High availability features of Windows Server 2008
Customer that I talk to want to know how they can providing high availability to mission-critical applications, services, and data. When services are down or fail, business continuity is interrupted, which can result in significant losses.
Windows Server 2008 supports two key high-availability features to help organizations meet their uptime requirements for their critical systems: Failover Clustering and Network Load Balancing (NLB). Failover Clustering and NLB in Windows Server 2008 have been improved to offer simplified management and more robust functionality. In addition, Windows Server Backup provides a basic backup and recovery solution in case of hardware failures.
Failover clustering can help you build redundancy into your network and eliminate single points of failure. The improvements to failover clusters (formerly known as server clusters) in Windows Server 2008 are aimed at simplifying clusters, making them more secure, and enhancing cluster stability.
Cluster Validation Tool
By using the new Cluster Validation Tool, you can perform tests to determine whether your system, storage, and network configuration is suitable for a cluster. The Cluster Validation Tool verifies that the nodes meet all of the operating system requirements, that the networks are configured correctly, that there are at least two separate networks on each node for redundancy, and that the storage subsystem supports the necessary Small Computer System Interface (SCSI) commands to handle cluster actions.
Once validated by the Cluster Validation Tool, the installation has been streamlined so that administrators can set up a cluster in one step. The cluster installation is completely scriptable, enabling administrators to automate cluster deployments.
When migrating a clustered service from one cluster to another, cluster settings can be captured and copied to another cluster. This reduces the time it takes to build the new cluster and configure the services.
Cluster Management and Operations Improvements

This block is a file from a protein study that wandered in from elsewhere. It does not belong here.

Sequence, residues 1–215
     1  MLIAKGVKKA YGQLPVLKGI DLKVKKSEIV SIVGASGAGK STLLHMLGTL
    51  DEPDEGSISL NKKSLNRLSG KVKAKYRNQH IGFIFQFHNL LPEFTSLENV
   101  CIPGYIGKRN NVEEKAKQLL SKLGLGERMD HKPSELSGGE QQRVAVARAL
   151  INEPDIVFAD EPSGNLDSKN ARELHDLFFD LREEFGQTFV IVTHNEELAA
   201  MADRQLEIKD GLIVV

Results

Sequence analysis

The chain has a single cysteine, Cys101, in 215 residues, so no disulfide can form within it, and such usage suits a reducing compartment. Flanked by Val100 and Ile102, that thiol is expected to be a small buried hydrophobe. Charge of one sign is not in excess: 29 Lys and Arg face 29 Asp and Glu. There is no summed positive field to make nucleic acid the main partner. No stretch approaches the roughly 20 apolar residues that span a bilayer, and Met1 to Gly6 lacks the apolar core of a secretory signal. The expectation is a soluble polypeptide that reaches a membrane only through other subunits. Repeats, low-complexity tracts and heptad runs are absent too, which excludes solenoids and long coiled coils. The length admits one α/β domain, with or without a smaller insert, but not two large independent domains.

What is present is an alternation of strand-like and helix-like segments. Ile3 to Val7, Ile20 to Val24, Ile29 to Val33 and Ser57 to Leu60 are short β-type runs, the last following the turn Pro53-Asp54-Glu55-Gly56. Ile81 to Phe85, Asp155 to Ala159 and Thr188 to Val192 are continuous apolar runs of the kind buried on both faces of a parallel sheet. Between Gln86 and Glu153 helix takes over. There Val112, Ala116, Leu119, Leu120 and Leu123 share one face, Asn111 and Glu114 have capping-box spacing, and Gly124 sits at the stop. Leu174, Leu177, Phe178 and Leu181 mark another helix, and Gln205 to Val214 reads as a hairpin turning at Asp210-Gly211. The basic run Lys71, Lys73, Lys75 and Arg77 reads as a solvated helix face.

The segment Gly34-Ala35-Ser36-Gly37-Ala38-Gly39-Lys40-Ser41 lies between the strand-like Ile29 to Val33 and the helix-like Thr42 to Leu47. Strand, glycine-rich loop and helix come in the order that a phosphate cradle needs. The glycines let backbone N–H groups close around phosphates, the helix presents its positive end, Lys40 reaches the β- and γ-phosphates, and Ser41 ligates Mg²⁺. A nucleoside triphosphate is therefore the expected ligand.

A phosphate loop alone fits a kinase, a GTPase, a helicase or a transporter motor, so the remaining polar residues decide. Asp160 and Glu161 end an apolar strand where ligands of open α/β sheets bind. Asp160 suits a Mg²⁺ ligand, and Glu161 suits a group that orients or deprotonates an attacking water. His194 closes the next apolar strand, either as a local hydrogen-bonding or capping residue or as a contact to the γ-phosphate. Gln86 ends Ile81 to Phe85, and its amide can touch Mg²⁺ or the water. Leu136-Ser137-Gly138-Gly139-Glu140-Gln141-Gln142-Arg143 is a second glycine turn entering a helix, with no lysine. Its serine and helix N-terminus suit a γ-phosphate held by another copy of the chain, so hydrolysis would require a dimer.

The cluster management interface has been optimized to make managing the cluster easier and more intuitive. Cluster management can be performed from the command line as well as the Windows Management Instrumentation (WMI) management console. Managing clustered shared folders is now easier to do because it can create customized views to quickly see which shared folders are clustered and which cluster a shared folder is available on.
Backup and Restore Improvements
Full integration with the Volume Shadow Copy Service makes it easier to back up and restore cluster configurations.
Cluster Infrastructure Improvements
The cluster quorum contains the configuration settings for the entire cluster. With Windows Server 2008, you can configure a cluster so that the quorum resource is not a single point of failure by using the majority node set or a hybrid of the majority node set and the quorum resource model. The cluster service can also isolate DLLs that perform actions incorrectly to minimize impact to the cluster, as well as verify consistency among copies of the quorum resource.
Administrators have better control and can achieve better performance with storage than was possible in previous releases. Failover clusters now support GUID partition table (GPT) disks that can have capacities of larger than 2 terabytes, for increased disk size and robustness. Administrators can now modify resource dependencies while resources are online, which means they can make an additional disk available without interrupting access to the application that will use it. And administrators can run tools in Maintenance Mode to check, fix, back up, or restore disks more easily and with less disruption to the cluster.
Networking has been enhanced to support Internet Protocol version 6 (IPv6) as well as Domain Name System (DNS) for name resolution, removing the requirement to have WINS and NetBIOS name broadcasts. Other network improvements include managing dependencies between network names and IP addresses: If either of the IP addresses associated with a network name is available, the network name will remain available.
Internet Protocol security (IPsec) can be used between clients and the cluster nodes, as well as between nodes so that you can authenticate and encrypt the data. Access to the cluster can also be audited to determine who connected to the cluster and when.
Network Load Balancing
Network Load Balancing (NLB) allows you to distribute TCP/IP requests to multiple systems in order to optimize resource utilization, decrease computing time, and ensure system availability. NLB has been improved in Windows Server 2008, including:
Next Generation TCP/IP
The TCP/IP protocol suite has been completely redesigned for Windows Server 2008. Internet Protocol version 4 (IPv4) and Internet Protocol version 6 (IPv6) are both supported natively by Windows Server 2008. NLB extends full support to IPv6 for all communication while maintaining IPv4 support.
Multiple IP Address Support
Each node in your NLB cluster can now have multiple dedicated IP addresses.
Microsoft ISA Server Integration
Microsoft ISA Server can support your mixed IPv4 and IPv6 infrastructure by allowing multiple IP addresses for each NLB node where IPv4 and IPv6 clients are used. ISA Server can also provide intrusion detection services to protect your NLB cluster.